Tuesday December 11, 2018
Thursday, 24 September 2015 08:05

New ACC legislation 'means fairer, more stable levies'

ACC Minister Nikki Kaye says the passing today of the Accident Compensation (Financial Responsibility and Transparency) Amendment Bill will deliver greater transparency around levy-setting, and help ensure that levies are more stable over time and fairer, with businesses paying the true costs of injuries in their industries.

"The Bill amends the Accident Compensation Act 2001 to introduce a more principled, transparent framework for funding decisions, and more stringent reporting requirements on ACC to ensure the public is better informed," says Ms Kaye.

"The Government and ACC have worked hard to improve the scheme’s finances and outcomes for customers, after inheriting ACC’s accounts in a poor state, marked by a $4.8 billion deficit in 2008/09.

"Since then, the scheme’s assets have grown from around $10 billion to around $31 billion.

"This Bill means successive governments will have a range of tools to enable them to make appropriate funding decisions, so that economic volatility can be smoothed over time while maintaining levy stability and the solvency of ACC’s levied accounts.

"The Bill makes two key changes to the ACC scheme. Firstly, the Government rather than ACC will be required to set the funding policy for the levied accounts, and this funding policy must be consistent with newly established principles of financial responsibility.

"Secondly, the Bill allows the removal of residual levies sooner than currently required in legislation, to ensure pre-1999 claims costs aren’t over-collected.

"Removing residual levies will also ensure that businesses pay work levies based on recent injury costs, which means those who generate higher costs pay a fairer share of those costs.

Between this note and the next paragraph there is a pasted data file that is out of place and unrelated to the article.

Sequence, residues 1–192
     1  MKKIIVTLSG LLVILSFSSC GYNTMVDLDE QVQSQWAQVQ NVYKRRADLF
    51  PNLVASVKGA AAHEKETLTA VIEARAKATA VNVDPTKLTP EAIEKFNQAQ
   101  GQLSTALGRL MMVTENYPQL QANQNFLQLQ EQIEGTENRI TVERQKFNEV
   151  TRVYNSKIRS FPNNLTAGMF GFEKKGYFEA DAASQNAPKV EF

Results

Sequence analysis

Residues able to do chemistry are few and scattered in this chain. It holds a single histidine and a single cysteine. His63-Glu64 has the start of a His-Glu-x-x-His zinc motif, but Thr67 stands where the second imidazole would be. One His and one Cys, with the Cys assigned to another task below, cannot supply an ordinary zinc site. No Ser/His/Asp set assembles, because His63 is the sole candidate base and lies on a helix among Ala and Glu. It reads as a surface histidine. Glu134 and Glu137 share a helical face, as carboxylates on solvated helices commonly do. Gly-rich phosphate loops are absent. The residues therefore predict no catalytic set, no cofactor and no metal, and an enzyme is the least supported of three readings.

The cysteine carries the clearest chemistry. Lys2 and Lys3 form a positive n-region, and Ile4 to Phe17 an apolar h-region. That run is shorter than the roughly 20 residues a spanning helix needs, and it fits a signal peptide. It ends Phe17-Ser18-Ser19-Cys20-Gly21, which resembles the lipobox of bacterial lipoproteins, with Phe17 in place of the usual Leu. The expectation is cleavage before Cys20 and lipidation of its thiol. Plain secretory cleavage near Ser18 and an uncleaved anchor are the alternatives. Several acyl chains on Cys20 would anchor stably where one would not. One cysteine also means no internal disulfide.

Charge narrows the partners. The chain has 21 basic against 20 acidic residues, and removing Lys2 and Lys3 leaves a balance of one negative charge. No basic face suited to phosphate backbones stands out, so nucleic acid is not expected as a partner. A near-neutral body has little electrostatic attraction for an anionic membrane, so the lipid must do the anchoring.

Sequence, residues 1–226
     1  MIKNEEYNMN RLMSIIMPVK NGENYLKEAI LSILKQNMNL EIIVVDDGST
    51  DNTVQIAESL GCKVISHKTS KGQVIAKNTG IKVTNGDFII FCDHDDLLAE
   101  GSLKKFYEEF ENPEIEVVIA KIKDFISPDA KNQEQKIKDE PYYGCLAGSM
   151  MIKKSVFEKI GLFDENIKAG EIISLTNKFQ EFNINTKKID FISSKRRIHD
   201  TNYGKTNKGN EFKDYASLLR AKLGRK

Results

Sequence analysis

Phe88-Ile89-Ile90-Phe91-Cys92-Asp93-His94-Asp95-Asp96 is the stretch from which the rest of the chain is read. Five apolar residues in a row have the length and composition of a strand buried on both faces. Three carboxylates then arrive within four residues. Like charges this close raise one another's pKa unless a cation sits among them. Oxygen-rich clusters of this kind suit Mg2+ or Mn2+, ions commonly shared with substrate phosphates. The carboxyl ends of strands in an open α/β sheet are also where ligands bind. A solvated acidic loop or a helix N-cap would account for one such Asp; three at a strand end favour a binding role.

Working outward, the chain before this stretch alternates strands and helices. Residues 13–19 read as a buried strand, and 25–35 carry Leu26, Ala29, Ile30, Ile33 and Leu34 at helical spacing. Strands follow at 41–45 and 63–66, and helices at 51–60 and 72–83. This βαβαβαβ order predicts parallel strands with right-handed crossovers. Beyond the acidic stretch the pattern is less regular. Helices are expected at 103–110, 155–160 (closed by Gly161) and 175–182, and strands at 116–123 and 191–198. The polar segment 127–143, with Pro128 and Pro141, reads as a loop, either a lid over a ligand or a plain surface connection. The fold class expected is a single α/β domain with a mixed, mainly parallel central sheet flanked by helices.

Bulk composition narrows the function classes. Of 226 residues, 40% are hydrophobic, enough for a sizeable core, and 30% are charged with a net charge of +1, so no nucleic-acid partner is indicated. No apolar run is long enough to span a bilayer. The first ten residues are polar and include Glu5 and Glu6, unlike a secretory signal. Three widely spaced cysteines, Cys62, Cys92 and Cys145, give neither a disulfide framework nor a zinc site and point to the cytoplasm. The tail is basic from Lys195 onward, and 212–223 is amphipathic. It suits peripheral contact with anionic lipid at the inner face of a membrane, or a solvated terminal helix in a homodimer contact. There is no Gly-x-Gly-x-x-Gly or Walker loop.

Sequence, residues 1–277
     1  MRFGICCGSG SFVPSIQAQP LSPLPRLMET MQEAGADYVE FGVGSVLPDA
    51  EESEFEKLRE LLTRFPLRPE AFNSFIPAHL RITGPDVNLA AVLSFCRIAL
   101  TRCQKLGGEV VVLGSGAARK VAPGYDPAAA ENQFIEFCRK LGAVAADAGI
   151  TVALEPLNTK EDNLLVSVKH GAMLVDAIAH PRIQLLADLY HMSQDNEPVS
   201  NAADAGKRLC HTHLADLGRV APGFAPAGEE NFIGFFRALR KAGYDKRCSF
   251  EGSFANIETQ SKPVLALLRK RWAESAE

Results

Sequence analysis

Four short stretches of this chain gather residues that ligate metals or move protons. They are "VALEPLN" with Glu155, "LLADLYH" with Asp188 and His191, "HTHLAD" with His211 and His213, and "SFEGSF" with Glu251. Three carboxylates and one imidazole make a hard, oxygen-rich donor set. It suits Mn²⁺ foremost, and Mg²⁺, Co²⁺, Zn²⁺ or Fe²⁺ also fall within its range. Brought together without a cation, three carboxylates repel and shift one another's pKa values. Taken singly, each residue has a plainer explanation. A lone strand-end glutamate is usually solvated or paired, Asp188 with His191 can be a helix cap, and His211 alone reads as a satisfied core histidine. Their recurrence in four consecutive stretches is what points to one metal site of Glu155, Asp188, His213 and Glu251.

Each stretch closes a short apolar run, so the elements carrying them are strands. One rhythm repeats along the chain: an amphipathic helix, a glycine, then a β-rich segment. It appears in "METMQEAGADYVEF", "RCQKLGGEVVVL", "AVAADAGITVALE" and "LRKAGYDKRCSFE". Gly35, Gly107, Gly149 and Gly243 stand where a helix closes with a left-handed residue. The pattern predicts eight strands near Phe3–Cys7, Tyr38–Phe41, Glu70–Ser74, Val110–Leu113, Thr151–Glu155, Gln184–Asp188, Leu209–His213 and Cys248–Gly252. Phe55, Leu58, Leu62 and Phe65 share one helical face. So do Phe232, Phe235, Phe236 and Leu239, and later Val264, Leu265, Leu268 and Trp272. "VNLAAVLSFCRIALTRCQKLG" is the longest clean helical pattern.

"With the Government setting the funding policy, a more robust governance structure is created, under which the Government sets the policy and ACC, as the responsible Crown agent, implements it.

"This will help ensure a closer match between levies consulted on and recommended by ACC, and the Government’s final decision on levies. Levy payers will also be better informed and have more certainty and confidence about future levy rates and their implications.

"This is a significant time in the history of ACC. All three levied accounts are now fully funded, and the next four months will see major achievements, starting with this Bill passing into law, allowing the new transparent levy setting framework to be established and residual levies to be removed.

"The ACC Board will also complete levy consultation, which is likely to lead to levy reductions worth hundreds of millions of dollars to New Zealanders in 2016/17. If these reductions occur, the Government will be on track to deliver $2 billion of ACC levy reductions.

"On top of this, the Government will now consult on and agree a funding policy, with a target band of 100 and 110 per cent of liabilities and a ten-year funding horizon. This is intended to strike a balance between levy stability and ensuring that the ACC accounts hold sufficient funds across generations.

"In my view, this package of ACC levy reform will help ensure greater public confidence in ACC, and assure New Zealanders with injuries that ACC is well placed to support them, now and in the future."


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